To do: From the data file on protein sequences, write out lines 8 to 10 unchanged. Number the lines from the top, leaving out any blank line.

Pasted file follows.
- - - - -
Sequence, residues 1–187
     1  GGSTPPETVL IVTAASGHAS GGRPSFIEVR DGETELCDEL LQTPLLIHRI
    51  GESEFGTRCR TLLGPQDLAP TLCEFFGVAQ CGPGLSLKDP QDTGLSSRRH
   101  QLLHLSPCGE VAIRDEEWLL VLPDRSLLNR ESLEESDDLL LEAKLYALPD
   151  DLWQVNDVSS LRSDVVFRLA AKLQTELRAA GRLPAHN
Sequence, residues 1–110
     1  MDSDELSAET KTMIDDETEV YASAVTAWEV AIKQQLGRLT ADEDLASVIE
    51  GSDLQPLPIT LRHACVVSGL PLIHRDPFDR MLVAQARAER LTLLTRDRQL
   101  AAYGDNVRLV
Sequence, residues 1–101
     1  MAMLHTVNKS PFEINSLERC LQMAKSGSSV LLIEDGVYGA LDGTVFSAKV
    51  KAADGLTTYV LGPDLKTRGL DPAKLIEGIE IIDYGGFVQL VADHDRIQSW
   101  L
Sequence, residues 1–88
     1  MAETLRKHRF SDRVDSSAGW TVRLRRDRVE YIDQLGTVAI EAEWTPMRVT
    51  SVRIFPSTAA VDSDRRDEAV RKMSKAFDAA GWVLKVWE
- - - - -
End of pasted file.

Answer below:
    51  GSDLQPLPIT LRHACVVSGL PLIHRDPFDR MLVAQARAER LTLLTRDRQL
   101  AAYGDNVRLV
Sequence, residues 1–101